What we need to see: user control over data

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Data generated by systems will be under the control of the individual within a framework of legal rights and protections, and minimally generated and even more minimally processed. The individual would be able to gain access and see explanations of all data on devices, in networks, and on platforms. 

We want a world where the default of computing is that the individual will be able to prevent data generation in the first place, and then be able to access, process, and delete the data (and request its deletion when it is held by other parties). The exceptions to this are permissible, but subject to tests of being fair and lawful in accordance to consumer and human rights protections. Access to such data is essential, in both raw and meaningful forms, as it is the precondition for verifying, identifying, and challenging any, inaccuracies, misuse and non-compliance, for instance with data protection law.

We would like people to be able to know, and ultimately decide when and how data is being used to understand, judge, and control them and others.

What this will mean


No data about the individual and his/her devices and use of systems should be beyond the reach of the individual. This means that the individual can access, process, and delete data on their devices – and exceptions to this must be justified, be necessary and proportionate. You should be able to see all data generated on your smartphone, or all data created by a smart city about you, and know what that data is, and if you object be able to have it modified and removed. You will then be able to know what data is feeding systems that make decisions about you and others.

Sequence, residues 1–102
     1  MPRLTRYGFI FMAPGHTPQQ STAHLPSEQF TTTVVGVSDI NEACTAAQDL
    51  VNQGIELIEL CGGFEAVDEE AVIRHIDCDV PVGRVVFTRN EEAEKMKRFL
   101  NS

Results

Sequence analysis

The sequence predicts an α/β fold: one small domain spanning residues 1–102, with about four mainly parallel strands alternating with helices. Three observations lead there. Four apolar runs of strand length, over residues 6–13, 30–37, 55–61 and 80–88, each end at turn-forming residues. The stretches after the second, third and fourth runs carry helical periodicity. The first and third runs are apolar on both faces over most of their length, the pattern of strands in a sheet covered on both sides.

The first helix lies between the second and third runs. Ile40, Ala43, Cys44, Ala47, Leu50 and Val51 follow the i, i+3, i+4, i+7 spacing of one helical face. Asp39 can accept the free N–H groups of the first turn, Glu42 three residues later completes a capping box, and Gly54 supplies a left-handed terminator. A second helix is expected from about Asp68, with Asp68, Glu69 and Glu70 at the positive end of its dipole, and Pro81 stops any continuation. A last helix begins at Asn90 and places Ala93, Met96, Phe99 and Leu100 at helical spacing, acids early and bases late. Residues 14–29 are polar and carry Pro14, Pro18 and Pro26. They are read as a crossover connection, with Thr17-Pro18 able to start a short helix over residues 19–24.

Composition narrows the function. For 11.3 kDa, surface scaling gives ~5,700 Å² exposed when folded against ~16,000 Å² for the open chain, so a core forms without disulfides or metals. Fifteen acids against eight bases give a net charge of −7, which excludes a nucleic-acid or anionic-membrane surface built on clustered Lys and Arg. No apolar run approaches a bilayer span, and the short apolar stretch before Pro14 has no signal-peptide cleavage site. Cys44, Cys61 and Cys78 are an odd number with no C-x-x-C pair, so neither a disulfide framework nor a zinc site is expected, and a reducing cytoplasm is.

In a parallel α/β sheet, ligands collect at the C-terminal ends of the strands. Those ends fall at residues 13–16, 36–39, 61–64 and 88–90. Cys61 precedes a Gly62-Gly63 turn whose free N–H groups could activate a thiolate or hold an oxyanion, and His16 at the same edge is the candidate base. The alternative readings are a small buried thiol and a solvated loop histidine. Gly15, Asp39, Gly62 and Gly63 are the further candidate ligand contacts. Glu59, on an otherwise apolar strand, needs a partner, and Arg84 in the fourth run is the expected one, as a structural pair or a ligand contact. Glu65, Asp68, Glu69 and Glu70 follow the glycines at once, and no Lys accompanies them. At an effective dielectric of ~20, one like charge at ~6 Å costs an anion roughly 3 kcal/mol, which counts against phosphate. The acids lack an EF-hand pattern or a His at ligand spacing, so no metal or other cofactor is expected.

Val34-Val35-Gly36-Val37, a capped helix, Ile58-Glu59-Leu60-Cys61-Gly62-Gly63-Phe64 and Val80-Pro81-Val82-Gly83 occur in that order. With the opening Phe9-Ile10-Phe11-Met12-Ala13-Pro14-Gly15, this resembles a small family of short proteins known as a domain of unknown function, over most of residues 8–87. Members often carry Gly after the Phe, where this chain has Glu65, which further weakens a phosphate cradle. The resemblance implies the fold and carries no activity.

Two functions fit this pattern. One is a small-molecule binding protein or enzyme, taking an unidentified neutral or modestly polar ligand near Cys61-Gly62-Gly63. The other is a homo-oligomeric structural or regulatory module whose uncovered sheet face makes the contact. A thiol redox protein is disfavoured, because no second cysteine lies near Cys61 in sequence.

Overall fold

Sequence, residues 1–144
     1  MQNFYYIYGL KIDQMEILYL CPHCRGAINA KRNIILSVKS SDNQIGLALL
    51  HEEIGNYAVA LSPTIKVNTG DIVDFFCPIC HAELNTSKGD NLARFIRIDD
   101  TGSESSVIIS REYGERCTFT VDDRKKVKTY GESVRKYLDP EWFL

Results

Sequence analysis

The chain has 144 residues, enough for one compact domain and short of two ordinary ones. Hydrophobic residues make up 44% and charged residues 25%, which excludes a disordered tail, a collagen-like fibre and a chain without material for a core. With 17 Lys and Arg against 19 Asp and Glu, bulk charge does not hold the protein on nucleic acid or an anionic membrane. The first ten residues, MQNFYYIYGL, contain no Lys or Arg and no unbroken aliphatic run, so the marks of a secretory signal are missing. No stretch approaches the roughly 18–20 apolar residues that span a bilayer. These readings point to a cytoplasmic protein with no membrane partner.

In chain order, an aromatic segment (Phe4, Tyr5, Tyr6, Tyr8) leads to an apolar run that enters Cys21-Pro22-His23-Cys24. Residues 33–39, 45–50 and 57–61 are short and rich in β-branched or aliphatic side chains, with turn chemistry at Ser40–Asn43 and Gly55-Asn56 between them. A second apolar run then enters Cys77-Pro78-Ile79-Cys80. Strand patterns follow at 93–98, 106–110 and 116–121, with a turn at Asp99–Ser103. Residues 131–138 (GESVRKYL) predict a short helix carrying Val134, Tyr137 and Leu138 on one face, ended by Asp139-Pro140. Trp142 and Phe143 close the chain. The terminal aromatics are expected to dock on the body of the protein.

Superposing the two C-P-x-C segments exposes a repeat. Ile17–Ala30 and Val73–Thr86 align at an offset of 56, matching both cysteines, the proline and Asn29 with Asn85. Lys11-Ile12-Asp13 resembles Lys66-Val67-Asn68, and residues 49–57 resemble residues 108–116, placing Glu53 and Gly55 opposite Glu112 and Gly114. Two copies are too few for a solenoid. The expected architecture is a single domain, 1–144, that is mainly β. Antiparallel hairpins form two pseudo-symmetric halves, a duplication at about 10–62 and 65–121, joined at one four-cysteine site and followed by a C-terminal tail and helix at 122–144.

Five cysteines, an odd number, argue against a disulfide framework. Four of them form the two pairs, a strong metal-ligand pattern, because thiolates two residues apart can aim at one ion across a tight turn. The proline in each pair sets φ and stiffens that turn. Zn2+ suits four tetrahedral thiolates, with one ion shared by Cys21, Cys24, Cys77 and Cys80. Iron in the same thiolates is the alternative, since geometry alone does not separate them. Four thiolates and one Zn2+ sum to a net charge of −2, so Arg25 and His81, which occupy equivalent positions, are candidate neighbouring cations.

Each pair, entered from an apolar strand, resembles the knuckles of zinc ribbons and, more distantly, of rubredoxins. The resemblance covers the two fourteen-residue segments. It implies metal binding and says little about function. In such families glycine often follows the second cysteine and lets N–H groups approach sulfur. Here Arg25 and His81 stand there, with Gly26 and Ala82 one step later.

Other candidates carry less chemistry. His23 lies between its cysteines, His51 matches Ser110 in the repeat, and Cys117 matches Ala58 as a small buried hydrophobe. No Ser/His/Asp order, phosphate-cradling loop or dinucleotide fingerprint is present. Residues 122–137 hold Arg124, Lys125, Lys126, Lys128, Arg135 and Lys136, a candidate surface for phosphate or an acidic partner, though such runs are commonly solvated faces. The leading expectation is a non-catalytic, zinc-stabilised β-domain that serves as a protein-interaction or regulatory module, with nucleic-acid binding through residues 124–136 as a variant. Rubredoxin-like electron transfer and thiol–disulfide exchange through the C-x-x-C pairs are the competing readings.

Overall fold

Listening and always on devices will limit data collection on device, e.g. recording/processing in buffers only, and provide users with access to all data generated and some controls over the personal data.

Essential reform actions


Industry must ensure our systems and services only generate data that is strictly necessary, and that we have insight into that data and its processing.

Industry and governments must provide people with the means to prevent the collection of usage and pattern data without our knowledge and consent, and provide the means for this data to be collected only when privacy enhancing technologies are being applied and informed consent ascertained or lawful measures in place.

Particularly in environments where individuals are not in direct control over devices that are generating and collection data, regulations and regulators must require companies and governments to limit generation of data, provide details on collection of data from individuals and their devices and use of services, so as to inform the necessary democratic and legal debates that must decide what constitutes as fair and lawful processing.

Industry must ensure that their government transparency reports (on access by law enforcement) include reporting on data that is not under the control of individuals, including requests on device-level data and activities arising from device-level data. As a result, we would like to see more device manufacturers and related service providers issue transparency reports about government access, and governments must lift restrictions on publication of this data so we can know the forces that may shape our technologies and use.

Cases of positive steps


Amazon giving us the data on our device upon request. But this should be doable directly.
Google Nest publishes a transparency report.